Clause 3 provides definitions of the terms and expressions used in the Bill and lists the various international multilateral organisations that Australia is a member of and the relevant Acts that covers Australia’s membership.

Clause 4 - Payments required to be made

Clause 4 lists the international multilateral organisations and the mechanism through which Australia provides its commitment to provide funding to each replenishment.

Clause 5 - Issue of promissory notes

Clause 5 authorises the Treasurer, as the responsible Minister, to make and issue promissory notes to the international financial institutions identified in Clause 4 in accordance with the approved instrument of commitment or contribution agreement signed at the time of each pledge.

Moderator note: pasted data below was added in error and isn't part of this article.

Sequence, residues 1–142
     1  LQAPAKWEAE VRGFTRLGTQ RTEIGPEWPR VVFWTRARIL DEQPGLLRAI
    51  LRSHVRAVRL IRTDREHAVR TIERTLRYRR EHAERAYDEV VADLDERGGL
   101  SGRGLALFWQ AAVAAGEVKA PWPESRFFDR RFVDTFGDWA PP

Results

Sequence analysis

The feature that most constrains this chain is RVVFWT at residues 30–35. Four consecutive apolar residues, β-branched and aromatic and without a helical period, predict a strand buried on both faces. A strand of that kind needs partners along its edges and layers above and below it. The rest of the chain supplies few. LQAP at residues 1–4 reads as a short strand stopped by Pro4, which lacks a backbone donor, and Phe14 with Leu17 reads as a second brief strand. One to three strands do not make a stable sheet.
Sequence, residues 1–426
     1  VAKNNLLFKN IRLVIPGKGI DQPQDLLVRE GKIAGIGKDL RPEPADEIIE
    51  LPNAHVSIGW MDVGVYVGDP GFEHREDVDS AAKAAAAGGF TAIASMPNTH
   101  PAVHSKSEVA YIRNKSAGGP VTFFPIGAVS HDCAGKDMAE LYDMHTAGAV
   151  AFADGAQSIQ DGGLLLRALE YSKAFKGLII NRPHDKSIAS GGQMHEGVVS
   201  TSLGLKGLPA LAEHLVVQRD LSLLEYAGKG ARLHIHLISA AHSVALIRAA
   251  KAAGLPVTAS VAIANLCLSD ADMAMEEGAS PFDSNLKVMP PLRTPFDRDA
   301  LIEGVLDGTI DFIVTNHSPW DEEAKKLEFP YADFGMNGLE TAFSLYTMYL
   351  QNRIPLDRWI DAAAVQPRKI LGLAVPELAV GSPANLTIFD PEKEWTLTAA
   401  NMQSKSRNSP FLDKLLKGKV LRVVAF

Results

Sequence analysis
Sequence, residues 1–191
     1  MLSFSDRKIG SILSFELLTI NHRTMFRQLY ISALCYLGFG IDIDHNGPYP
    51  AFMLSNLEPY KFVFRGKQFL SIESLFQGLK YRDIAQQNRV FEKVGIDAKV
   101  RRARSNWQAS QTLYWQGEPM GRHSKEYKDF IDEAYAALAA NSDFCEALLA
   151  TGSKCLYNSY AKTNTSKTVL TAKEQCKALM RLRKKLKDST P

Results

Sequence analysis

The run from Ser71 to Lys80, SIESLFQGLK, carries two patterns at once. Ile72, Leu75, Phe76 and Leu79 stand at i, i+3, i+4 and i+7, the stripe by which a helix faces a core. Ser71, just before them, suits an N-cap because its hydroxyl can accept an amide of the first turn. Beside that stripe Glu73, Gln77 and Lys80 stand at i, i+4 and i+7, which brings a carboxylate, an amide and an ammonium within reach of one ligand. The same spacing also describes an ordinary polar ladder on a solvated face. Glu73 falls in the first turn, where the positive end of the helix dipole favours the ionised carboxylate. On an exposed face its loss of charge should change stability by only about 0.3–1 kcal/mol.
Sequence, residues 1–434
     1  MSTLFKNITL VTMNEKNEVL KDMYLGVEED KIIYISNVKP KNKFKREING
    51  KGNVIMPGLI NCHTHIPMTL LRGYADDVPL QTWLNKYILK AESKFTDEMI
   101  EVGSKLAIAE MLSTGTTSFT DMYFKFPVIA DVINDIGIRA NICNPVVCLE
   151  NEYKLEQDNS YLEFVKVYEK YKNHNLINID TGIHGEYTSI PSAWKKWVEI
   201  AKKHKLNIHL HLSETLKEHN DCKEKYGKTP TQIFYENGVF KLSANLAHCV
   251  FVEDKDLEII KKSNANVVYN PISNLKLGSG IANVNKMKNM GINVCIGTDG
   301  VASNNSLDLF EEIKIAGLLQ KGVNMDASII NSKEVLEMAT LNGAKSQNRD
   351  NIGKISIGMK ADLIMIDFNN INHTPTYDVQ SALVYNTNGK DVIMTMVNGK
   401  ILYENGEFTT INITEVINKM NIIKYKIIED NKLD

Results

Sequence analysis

Promissory notes are financial instruments that are frequently used as part of a process to discharge the Government’s obligations to international financial institutions. 

The promissory notes will be non-negotiable, non-interest bearing and payable at par value on demand.

Promissory notes provide both parties with more control of encashments but can still be considered by the international financial institutions as an asset.

 

The issuance of promissory notes does not authorise an appropriation for discretionary activities such as Australia’s contributions to specific trust funds or a contribution towards a capital subscription increase managed by the international financial institutions.

In the event that the Government determines that Australia should provide funding to a specific trust fund or to contribute towards an increase in capital subscriptions, then an appropriation would need to be made available through the annual budget process.